1. Virtual Pet Manifesto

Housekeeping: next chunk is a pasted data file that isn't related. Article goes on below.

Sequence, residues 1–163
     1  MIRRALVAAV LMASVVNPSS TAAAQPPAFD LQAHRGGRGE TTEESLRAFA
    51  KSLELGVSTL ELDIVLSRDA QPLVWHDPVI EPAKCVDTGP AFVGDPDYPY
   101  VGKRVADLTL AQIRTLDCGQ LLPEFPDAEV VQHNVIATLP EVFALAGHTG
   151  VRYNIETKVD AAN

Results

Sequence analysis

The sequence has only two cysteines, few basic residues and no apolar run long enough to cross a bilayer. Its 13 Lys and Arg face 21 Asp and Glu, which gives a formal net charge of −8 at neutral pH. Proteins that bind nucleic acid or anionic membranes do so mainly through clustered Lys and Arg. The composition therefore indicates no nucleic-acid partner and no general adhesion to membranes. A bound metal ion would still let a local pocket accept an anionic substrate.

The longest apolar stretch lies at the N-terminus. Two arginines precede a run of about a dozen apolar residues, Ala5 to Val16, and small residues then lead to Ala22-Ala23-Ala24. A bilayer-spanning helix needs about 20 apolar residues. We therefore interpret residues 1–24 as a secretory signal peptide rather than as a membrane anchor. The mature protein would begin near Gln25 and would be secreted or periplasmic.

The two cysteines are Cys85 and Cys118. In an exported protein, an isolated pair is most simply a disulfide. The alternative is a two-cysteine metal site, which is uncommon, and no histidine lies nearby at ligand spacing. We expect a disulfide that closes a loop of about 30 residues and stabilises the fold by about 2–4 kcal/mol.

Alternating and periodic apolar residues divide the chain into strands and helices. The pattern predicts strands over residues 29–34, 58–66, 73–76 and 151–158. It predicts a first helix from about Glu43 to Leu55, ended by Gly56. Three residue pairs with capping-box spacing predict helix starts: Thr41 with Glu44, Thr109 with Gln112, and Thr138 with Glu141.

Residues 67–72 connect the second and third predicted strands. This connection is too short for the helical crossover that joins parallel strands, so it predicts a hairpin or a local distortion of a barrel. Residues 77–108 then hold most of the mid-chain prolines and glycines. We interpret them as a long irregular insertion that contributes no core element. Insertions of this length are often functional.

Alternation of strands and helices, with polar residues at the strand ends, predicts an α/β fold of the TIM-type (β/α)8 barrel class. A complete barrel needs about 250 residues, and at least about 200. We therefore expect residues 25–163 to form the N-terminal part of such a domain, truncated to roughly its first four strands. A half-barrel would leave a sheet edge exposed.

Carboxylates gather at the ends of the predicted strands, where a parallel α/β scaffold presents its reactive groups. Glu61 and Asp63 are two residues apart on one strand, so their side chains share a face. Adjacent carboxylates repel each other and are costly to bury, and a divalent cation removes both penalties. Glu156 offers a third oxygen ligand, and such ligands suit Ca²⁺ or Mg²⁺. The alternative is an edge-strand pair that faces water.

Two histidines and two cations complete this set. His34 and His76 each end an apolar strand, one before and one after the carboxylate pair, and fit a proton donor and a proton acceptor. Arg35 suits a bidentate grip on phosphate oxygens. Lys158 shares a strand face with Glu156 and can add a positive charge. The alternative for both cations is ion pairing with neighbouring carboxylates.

A videogame is a virtual pet. You take care of something and make sure it doesn't die, you monitor their happiness so they don't become bruised and sluggish like a beat-up doomguy. Non-personified videogames like Sim City are lichen cultures, jellyfish. Do you complete the levels? Yes, some kind of praxis is also a need in life, like eating and urination. Sky Kid must drop bombs on all the buildings - this is a capability manifested in his body, like original sin, not so much a drive towards evil as an inescapable affordance for it. We view him in a spirit of sympathy and gentleness, we suppress our tears and smile bravely and encouragingly as he floats chirping through the sky. Rather than loving or hating commercial culture we view it with the compassion reserved for those without the self-sufficiency of making even bad decisions. A spirit-strengthening ethic of charity. And the cruelty that comes with charity, or with the power to withhold it, that faint half-second of exasperation. What? Jump through the blocks? Well... If you must. Well... Just this one level. And then pulling out the power cord before it's through. Poor things!! Well we can try again tomorrow, if I have the time. A videogame is a virtual pet with the same ominous prospects that those incur. Everyone I knew buried their tamagotchis in sock drawers, hid them in a closet til they stopped beeping, "accidentally" put them in the washing machine. To "love" commercial culture can be to maim yourself by internalising its limitations, to "hate" it can mean severing yourself from your own history of experience in ways that can leave you reeling, obsessively circling the wound. Our goal is to care for it, treat it gently, and with kindness, the dim prospect of a bathtub drowning, as we move on to the next thing, suddenly laughing, nails flashing, unspeakable, Animal Crossing villages overcome by weeds. - Neopet Emancipation League